The tribal folks of Lahaul valley in Himachal Pradesh (HP) avoid the tough life back home in winters and stay in their ‘warmer shelters’ in other parts of the state, mainly Kullu-Manali.

Majority tribals, shift out before the 13050 ft high Rohtang Pass closes for traffic owing to snowfall in November and return in summers.

The reasons are evident. The road connectivity to Lahaul valley in Lahaul and Spiti district gets snapped in winter months and the people are virtually landlocked.

Out of entire tribal belt in HP, Lahaul and Spiti district has tough terrain. In winters, Lahaul valley gets cut off from Spiti as well, with another pass- Kunzum at a height of 15060 ft also closing down.

The people in Lahaul can travel to Jammu and Kashmir through an alternate road from Udaipur, Killar and Gulabgarh. But that route is too long and unpredictable due to harsh weather.

As per locals, 60 to 70 per cent people in Lahaul desert the tribal area in winter. Most of them have built their homes outside.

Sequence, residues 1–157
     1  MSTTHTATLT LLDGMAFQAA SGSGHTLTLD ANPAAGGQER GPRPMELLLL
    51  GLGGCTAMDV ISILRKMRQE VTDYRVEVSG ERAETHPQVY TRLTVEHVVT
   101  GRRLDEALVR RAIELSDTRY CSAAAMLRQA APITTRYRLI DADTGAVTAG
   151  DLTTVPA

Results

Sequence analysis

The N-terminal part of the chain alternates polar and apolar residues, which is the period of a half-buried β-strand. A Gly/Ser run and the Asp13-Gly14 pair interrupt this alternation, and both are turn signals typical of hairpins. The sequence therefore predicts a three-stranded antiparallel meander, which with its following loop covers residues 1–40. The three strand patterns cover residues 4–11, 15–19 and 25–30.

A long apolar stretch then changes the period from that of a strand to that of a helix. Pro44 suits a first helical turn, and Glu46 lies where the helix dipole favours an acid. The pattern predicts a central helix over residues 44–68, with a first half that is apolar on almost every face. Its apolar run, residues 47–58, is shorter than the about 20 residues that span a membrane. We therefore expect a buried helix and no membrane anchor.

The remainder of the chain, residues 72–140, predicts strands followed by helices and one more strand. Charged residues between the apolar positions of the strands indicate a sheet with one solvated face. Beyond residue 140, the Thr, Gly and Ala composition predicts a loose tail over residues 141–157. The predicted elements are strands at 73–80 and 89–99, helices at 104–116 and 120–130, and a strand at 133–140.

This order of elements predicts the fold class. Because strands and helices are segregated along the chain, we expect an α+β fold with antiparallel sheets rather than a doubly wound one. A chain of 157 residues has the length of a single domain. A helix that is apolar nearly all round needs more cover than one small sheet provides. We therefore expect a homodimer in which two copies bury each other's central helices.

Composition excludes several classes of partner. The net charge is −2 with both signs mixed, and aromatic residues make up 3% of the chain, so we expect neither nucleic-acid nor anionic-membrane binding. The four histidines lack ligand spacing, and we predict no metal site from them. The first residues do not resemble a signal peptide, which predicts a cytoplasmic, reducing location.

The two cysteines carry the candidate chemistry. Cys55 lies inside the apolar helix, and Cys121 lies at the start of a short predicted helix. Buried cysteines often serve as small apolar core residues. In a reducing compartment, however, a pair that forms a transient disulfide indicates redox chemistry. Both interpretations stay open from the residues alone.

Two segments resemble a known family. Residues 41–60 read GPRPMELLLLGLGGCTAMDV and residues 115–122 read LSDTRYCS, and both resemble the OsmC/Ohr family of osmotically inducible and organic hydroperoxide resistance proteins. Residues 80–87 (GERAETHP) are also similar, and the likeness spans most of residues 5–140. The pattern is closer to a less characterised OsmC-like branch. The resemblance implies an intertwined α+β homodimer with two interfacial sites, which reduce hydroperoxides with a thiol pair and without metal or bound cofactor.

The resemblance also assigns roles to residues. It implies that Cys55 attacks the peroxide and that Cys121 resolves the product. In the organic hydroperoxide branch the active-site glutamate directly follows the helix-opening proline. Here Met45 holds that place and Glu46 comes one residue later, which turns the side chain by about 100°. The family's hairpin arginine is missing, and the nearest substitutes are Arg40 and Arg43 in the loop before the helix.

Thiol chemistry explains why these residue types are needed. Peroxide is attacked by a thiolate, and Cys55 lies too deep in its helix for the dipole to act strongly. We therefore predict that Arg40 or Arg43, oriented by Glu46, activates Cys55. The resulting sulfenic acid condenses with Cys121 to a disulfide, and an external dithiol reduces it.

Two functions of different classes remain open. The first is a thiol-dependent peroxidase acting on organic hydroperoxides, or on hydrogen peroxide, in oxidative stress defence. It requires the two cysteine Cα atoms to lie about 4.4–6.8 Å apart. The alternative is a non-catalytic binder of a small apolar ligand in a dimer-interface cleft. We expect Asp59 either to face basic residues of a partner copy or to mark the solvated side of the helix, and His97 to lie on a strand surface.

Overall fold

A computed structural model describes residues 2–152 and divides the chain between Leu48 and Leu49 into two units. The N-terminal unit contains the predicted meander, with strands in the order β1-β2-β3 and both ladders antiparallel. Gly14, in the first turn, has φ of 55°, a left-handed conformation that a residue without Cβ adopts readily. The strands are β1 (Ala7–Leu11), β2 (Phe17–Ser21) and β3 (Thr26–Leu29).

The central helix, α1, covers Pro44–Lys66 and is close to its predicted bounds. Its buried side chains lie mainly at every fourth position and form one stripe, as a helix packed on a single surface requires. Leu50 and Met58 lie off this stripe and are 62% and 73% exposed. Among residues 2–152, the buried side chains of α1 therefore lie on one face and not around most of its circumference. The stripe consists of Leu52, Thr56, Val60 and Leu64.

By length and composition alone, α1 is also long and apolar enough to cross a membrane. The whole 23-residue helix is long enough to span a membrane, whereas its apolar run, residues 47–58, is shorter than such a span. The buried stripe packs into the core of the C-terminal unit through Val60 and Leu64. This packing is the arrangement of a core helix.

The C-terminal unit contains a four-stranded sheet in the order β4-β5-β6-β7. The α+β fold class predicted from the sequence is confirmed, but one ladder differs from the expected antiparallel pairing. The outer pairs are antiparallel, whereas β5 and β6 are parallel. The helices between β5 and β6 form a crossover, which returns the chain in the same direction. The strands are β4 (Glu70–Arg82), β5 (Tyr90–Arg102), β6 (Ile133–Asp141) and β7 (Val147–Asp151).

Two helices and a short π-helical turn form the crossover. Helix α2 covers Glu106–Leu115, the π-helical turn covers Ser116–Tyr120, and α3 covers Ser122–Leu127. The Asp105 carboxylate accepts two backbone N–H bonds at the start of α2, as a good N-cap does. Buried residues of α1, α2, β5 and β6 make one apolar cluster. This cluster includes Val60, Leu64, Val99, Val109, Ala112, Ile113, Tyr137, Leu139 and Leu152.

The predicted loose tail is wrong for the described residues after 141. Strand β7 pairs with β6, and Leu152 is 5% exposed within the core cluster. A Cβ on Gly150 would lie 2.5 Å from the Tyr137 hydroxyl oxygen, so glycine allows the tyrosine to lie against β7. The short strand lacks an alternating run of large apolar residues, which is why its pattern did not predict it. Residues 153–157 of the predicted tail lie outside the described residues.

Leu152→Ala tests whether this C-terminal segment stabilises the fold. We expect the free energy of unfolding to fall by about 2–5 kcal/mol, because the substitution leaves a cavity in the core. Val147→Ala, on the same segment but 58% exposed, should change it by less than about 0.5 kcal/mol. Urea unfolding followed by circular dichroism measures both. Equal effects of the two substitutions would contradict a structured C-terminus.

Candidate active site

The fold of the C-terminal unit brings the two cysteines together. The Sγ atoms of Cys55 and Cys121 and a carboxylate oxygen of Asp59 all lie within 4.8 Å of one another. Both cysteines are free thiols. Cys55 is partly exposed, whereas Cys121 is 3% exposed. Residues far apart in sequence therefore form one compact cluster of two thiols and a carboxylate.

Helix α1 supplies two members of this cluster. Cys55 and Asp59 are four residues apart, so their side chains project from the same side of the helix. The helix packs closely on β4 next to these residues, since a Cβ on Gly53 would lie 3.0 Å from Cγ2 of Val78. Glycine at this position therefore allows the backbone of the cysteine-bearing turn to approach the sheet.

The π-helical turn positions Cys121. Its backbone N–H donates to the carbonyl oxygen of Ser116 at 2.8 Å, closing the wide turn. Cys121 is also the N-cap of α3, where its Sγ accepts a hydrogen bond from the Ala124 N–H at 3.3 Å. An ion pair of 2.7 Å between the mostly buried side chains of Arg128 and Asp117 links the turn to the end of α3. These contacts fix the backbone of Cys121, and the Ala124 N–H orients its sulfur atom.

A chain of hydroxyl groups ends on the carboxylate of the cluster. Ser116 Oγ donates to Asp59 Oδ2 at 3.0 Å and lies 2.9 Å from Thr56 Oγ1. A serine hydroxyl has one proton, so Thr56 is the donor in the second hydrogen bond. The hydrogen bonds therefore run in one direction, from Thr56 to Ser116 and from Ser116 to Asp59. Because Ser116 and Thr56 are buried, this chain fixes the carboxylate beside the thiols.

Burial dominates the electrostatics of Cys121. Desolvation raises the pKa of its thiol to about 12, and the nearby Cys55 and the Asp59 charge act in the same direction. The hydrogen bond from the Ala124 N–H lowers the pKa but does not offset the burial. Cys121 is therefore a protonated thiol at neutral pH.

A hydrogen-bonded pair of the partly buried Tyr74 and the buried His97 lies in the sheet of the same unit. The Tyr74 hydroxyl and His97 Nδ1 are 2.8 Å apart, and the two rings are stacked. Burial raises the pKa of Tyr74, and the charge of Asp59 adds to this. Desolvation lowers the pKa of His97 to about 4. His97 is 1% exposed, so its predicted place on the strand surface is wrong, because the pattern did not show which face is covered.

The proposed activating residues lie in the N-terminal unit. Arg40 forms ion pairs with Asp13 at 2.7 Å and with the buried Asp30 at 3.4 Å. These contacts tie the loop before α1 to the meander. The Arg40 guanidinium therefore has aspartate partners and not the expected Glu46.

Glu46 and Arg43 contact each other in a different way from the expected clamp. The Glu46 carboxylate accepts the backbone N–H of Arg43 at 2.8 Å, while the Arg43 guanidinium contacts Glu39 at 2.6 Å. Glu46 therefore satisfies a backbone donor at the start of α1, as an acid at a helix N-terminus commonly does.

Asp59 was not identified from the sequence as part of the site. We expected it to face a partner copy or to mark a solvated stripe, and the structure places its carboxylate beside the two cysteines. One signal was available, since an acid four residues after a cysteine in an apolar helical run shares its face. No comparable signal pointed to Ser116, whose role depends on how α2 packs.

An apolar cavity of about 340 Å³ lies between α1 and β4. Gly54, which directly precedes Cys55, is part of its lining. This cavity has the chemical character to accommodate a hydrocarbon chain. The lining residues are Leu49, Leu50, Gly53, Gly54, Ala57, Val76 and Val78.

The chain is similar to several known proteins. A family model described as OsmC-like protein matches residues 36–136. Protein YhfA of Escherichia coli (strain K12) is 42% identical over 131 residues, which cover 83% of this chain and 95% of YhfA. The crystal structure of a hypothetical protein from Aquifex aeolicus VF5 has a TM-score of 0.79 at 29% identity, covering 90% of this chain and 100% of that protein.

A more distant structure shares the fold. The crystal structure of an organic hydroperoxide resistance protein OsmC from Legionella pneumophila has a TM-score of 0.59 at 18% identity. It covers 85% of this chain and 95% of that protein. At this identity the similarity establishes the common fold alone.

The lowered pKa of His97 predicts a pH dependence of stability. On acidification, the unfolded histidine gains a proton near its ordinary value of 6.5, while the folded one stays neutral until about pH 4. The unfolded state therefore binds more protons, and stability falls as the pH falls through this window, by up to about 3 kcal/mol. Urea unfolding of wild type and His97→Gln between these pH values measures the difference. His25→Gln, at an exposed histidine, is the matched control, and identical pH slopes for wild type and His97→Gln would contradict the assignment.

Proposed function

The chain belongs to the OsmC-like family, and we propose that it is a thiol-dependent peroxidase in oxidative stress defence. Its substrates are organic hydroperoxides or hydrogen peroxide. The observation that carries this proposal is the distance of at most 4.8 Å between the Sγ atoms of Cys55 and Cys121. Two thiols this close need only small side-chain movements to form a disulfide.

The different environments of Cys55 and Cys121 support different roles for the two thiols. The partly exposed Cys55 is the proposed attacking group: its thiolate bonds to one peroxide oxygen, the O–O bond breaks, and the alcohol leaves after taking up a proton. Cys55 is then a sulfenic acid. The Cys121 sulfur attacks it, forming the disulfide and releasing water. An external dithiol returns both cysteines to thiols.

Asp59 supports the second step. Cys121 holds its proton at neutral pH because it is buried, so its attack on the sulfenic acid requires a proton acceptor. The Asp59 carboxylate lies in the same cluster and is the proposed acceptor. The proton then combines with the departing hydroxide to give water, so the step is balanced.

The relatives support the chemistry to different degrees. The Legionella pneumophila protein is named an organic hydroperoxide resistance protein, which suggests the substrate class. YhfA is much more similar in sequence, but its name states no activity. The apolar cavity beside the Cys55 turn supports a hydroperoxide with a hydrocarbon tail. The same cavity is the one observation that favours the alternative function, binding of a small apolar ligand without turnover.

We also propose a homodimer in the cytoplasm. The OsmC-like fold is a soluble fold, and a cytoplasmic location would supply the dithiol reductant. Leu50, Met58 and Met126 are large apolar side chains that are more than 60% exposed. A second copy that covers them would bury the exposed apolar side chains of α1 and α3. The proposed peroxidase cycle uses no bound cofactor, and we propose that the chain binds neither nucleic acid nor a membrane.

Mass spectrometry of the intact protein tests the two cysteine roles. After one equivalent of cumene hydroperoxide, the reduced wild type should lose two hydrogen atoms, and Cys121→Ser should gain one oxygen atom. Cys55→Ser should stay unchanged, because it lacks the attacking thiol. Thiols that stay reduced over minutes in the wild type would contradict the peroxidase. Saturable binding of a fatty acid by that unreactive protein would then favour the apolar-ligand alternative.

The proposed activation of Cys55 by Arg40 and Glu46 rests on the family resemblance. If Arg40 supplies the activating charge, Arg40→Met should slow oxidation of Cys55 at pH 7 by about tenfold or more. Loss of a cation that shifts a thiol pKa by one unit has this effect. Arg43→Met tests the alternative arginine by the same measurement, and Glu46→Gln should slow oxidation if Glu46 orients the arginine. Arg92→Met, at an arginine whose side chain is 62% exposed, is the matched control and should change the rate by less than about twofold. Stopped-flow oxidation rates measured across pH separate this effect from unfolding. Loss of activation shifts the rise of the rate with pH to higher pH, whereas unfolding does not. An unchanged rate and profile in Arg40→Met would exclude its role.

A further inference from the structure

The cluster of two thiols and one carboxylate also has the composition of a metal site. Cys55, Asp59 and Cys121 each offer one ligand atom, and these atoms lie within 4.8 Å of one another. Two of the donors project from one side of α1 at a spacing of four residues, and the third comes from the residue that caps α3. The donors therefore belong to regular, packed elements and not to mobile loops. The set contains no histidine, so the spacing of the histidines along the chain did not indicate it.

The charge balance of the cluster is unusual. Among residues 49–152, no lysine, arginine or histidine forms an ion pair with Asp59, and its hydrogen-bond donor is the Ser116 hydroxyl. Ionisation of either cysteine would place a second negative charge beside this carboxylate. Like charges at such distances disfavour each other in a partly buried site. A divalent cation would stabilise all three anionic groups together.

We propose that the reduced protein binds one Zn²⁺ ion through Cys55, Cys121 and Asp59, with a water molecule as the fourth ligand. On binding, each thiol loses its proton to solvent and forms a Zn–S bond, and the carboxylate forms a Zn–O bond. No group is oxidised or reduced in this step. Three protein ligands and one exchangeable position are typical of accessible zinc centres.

“The temperature in Lahaul dips to less than minus 20 or 30 degrees. The life comes to a halt with intermittent high snow in Lahaul, with power, water supply going off for days together and toilets choked,” Shyam Chand Azad from Tholang shared with The Statesman.

“Some family members stay back as caretakers. Others come out and relax and go back after March,” added Mohan Lal of Malang.

In routine, however, the district administration does the required arrangements of food and fuel for people in the tribal area ahead of winters. The locals too keep themselves busy with festivals to pass cold months, when even agriculture is not possible.

But it is no less than an ordeal for them in case of medical emergencies. The area doesn’t have private healthcare facilities and the government hospitals don’t have specialist doctors.

“We have to take the patients in emergency to Kullu or Chandigarh for treatment. We depend on the state chopper that comes once a week, with lot of uncertainty due to harsh weather,” said Krishan Thakur of Keylong.

The successive governments have not been able to convince the specialists to serve in tribal areas in the absence of a strict transfer policy.

A ray of hope for the tribals in the near future is  8.8kilometre long tunnel Rohtang tunnel, which by-passes the Rohtang Pass, and is likely to give round the year connectivity to Lahaul valley with rest of the world.

The lingering central project of strategic significance, which took off for construction in 2010 after many ifs and buts, is likely to complete by 2019 as per latest schedule.